In 2021, 54,200 acres of hemp were planted for industrial purposes in the U.S, valued at $712 million with 33,500 total acres harvested for industrial purposes, according to the U.S. Department of Agriculture’s (USDA) National Hemp Report. Hemp flower production last year was valued at $623 million with farmers cultivating 16,000 acres, with an average yield of 1,235 pounds per acre and a total of 19.7 million pounds grown for flower, the report says.

The production of hemp grown for fiber purposes was estimated by the USDA at 33.2 million pounds over 12,700 acres, with an average yield of 2,620 pounds per acre. The USDA estimates the fiber sector value at $41.4 million.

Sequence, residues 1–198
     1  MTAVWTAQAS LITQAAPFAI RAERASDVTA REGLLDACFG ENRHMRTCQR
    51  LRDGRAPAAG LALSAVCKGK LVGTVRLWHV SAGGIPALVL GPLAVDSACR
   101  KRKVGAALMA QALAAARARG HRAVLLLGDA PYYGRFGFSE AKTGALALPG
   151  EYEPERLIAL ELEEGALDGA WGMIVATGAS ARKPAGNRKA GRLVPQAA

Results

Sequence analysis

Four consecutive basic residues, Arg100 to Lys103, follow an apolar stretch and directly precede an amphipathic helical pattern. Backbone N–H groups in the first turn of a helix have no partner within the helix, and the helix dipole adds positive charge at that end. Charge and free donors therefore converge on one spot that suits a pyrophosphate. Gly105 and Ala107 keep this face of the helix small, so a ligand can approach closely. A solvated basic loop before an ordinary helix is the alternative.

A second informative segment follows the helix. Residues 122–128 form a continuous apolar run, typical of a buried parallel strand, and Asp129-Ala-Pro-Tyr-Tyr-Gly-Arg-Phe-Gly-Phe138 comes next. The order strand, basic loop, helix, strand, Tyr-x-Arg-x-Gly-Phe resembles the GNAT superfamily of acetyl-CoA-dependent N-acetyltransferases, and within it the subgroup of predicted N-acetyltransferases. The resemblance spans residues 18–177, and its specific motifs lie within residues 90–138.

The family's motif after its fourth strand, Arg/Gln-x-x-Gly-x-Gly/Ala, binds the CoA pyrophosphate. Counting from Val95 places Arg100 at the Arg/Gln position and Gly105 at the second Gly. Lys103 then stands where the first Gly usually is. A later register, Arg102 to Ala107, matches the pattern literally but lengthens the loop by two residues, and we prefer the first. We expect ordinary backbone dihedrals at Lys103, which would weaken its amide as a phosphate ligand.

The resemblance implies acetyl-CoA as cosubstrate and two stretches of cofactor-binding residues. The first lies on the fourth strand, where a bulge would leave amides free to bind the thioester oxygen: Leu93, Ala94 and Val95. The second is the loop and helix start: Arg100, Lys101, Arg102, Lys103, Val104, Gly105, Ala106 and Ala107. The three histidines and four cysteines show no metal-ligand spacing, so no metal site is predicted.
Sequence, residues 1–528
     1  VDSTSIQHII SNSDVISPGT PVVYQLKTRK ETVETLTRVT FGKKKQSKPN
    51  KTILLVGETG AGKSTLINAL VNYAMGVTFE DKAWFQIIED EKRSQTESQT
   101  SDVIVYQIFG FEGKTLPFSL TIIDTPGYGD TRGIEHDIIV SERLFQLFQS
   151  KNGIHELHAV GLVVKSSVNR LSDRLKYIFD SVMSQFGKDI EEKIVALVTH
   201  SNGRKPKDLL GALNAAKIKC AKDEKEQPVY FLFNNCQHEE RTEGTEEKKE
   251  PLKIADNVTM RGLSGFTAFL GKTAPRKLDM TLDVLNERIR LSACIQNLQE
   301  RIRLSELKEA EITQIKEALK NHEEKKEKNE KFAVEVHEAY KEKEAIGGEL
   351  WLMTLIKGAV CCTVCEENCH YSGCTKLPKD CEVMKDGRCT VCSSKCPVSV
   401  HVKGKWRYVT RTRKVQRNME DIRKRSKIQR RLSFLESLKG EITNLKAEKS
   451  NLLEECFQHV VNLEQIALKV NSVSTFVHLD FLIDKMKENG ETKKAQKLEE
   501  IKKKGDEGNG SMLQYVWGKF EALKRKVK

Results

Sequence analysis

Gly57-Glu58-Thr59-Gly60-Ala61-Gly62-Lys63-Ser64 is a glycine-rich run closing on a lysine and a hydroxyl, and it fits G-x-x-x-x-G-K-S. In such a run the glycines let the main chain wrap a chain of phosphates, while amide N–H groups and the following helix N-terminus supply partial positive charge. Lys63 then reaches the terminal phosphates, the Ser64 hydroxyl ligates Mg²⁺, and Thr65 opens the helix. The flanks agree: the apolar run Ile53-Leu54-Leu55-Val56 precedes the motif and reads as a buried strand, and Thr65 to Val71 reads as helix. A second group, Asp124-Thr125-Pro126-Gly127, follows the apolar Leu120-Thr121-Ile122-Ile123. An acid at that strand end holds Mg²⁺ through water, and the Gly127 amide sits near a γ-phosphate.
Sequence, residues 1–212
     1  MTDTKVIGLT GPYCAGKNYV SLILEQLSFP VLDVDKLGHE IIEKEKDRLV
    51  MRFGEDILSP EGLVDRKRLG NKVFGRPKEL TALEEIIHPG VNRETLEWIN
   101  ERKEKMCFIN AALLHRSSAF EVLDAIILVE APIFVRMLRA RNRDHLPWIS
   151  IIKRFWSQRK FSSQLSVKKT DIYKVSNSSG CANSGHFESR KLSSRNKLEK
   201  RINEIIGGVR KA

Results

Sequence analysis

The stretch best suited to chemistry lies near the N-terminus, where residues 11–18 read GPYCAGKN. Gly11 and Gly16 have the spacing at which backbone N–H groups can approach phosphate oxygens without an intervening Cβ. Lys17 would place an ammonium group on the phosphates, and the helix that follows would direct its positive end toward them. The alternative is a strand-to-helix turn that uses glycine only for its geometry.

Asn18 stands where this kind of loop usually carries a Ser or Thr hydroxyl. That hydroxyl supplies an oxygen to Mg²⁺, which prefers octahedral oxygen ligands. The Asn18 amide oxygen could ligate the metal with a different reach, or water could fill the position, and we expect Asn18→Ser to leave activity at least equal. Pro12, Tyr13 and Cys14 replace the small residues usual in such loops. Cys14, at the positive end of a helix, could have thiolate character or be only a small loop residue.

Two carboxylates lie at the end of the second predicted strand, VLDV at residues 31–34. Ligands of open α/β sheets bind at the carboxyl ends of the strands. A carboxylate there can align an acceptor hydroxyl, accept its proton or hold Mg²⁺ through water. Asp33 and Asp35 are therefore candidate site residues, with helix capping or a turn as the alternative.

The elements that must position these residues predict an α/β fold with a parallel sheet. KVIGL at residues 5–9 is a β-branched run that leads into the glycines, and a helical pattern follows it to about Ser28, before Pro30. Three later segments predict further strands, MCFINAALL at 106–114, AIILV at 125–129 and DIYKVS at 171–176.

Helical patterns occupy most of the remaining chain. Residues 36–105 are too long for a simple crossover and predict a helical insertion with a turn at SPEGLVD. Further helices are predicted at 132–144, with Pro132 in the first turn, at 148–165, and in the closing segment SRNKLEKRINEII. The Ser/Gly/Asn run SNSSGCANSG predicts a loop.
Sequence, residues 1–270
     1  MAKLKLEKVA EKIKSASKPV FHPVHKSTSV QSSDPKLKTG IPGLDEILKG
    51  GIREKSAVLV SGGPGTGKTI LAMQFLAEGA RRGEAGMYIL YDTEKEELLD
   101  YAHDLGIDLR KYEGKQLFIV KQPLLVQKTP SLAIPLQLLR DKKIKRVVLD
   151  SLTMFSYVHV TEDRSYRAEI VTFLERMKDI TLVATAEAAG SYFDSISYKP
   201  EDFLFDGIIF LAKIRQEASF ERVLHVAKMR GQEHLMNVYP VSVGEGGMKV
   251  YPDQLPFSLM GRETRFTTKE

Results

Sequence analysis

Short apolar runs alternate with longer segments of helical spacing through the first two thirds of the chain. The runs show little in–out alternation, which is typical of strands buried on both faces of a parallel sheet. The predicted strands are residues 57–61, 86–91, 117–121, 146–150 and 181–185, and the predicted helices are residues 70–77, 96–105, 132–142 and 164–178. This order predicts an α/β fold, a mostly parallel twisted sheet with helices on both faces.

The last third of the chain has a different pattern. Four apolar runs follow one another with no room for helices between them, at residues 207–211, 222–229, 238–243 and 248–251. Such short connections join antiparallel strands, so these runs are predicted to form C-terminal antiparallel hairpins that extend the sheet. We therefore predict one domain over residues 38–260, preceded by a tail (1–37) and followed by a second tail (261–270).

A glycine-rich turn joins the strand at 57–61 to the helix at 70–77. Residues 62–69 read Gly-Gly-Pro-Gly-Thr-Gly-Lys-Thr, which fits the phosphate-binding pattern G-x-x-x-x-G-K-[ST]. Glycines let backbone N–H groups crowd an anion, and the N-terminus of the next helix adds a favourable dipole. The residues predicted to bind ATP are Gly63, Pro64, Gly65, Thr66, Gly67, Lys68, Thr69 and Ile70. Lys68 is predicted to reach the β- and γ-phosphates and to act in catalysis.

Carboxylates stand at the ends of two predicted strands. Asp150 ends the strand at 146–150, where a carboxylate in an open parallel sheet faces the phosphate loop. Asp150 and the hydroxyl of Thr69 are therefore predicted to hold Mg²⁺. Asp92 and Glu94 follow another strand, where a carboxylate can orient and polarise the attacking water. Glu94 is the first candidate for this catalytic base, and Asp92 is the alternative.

Production of hemp grown for seed in 2021 was estimated at 1.86 million pounds, with 3,515 acres being used for hemp seed. The USDA reports estimates an average yield of 530 pounds per acre, with a total value of $41.5 million.

The agency report indicates that Colorado led the U.S. in acres of planted hemp with 10,100 but Montana harvested the most hemp – 4,500 acres on 7,900 acres planted, the second-highest hemp acreage total planted in the U.S. in 2021. Hemp acreage planted in Texas and Oklahoma each reached 2,800 acres, with 1,070 acres of hemp harvested in Texas while in Oklahoma just 275 acres were harvested.

The report notes that last year, 27 states operated under federal guidelines provided by the 2018 Farm Bill instead of implementing state rules, while 22 states operated under state regulations allowed under the 2014 Farm Bill. All of the tribes that cultivated hemp last year operated under the 2018 regime. Only Idaho did not have a regulated hemp program last year but state officials began issuing licenses last month.